When the Afghan government collapsed and the Taliban took control, dozens of Afghan women pursuing higher education at the Asian University for Women determined to escape the new regime. Knowing the Taliban's history of oppressing and forbidding education for women, the students knew their education and their safety were at risk. "I was thinking, 'They are taking away all our dreams,'" a woman named Laila told The Arizona Republic. "I had a dream to work, I had a dream to serve women in my country. They are taking this dream away, and I have no chance to serve people in this community.” The women and several thousand others converged on the airport in Kabul in a chaotic scene that included 12 dozen young women spread across seven buses. According to the Republic article, the students had to pass Taliban checkpoints, fend off others trying to get onto their busses and watch for bomb explosions. After five days of trying, and with help from the U.S. military, State Department and White House, the women got into the airport and escaped aboard a U.S military plane. Their journey was just beginning. While the women waited at a military base in Wisconsin, Kamal Ahmad, president of the Asian University for Women was calling universities around the country looking for a place where the women could continue their education. He found a ready response from ASU President Michael M. Crow, according to the Republic. ASU has since partnered with the refugee resettlement agency International Rescue Committee to provide the women with resources and connect them to the myriad services they need to resettle in Arizona. ASU is providing housing, food and a pathway to pursue their educational goals. It is the largest refugee-centered initiative on campus. Your gifts enable ASU to support the students’ unique needs and provide resources to pursue their academic journey. Your gifts make a difference. According to the United Nations Refugee Agency, only about 5 percent of refugees worldwide can access higher education. According to the Republic, ASU’s partnership with the Asian University for Women and local agencies may become a model for other universities to work with refugees.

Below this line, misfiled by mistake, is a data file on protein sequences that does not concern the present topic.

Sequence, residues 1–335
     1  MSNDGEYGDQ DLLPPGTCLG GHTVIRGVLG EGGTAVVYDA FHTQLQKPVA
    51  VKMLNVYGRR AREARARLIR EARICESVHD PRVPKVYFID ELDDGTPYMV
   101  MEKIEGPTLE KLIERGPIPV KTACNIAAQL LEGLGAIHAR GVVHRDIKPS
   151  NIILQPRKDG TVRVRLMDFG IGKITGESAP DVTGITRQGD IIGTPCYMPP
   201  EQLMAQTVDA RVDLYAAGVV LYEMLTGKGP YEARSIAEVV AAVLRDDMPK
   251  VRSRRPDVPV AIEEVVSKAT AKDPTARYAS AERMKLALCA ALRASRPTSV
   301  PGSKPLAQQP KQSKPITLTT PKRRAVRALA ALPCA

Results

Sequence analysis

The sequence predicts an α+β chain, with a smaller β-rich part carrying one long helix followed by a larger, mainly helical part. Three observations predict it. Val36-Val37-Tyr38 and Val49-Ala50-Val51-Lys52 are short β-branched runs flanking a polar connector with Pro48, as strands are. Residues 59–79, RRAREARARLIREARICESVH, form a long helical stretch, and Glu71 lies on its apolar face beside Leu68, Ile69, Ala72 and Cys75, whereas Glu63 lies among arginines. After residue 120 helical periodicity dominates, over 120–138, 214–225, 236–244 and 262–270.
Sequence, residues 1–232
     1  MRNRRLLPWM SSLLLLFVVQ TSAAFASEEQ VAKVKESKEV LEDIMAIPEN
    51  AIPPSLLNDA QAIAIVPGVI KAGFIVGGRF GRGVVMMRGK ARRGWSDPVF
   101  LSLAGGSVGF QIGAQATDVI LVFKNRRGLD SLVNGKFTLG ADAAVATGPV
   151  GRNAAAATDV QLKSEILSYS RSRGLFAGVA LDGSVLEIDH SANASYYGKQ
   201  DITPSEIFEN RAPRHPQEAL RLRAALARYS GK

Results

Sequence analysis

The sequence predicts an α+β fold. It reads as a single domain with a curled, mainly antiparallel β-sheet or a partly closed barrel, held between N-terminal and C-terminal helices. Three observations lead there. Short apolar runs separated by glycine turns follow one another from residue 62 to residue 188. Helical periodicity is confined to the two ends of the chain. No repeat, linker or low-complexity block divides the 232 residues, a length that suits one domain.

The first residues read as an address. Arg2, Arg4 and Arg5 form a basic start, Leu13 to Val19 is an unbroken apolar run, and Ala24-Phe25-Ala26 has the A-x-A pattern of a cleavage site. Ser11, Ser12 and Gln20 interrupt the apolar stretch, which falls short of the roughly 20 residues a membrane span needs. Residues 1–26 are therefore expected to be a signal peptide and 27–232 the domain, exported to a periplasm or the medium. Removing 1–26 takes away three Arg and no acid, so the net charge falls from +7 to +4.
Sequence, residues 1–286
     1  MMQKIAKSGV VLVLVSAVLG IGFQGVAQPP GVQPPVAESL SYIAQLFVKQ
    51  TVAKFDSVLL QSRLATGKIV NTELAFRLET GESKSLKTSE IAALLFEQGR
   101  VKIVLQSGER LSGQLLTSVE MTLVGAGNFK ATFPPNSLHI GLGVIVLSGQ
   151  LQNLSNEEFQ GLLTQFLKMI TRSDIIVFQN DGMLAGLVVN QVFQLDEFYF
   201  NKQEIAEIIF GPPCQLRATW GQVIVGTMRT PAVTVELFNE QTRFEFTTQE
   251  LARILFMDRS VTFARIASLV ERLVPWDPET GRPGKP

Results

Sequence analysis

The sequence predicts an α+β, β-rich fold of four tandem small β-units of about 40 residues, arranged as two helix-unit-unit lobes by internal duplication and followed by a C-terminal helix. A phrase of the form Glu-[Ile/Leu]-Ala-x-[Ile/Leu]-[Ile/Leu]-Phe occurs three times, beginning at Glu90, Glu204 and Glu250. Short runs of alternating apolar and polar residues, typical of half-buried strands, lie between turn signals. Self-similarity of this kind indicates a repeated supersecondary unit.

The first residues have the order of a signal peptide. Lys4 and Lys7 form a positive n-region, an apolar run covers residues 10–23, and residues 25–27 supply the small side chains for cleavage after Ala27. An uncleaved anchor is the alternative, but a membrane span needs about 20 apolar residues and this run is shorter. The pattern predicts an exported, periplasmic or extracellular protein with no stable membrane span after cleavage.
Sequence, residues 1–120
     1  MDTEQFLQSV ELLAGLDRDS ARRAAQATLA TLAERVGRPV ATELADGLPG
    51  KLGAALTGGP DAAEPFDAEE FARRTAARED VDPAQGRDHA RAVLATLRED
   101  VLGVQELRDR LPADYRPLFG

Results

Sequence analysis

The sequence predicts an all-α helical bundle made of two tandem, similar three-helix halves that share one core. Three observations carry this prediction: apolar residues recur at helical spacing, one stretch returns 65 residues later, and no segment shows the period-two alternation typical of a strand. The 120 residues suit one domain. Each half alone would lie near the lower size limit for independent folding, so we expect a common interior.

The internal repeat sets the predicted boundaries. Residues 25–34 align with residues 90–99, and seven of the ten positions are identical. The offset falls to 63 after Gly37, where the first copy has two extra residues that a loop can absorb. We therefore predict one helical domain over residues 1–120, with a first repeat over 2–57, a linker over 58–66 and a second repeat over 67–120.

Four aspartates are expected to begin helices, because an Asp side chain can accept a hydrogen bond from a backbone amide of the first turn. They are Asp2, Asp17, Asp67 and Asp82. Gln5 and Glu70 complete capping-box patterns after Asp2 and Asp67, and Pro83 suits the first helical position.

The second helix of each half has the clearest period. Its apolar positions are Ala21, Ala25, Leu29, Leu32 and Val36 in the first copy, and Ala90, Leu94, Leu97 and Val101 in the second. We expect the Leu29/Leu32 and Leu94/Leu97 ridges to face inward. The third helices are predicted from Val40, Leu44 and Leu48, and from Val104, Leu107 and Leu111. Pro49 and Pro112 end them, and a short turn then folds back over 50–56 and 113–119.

I welcome our new Afghan students and colleagues to Arizona State University. I hope their presence here strengthens our resolve to be a university measured by those whom it includes, and not those whom it excludes. If you can help them succeed, you will truly be contributing not only to their health and well-being, but also that of our larger community.”— Michael M. Crow, President, ASU
It's really the building of ASU into an American institution which is representative of our values — which is we believe in women and their success, we believe in the emergence of democracies, we believe in treating people as you would like to be treated — we believe and are generous."— Michael M. Crow, President, ASU in The Arizona Republic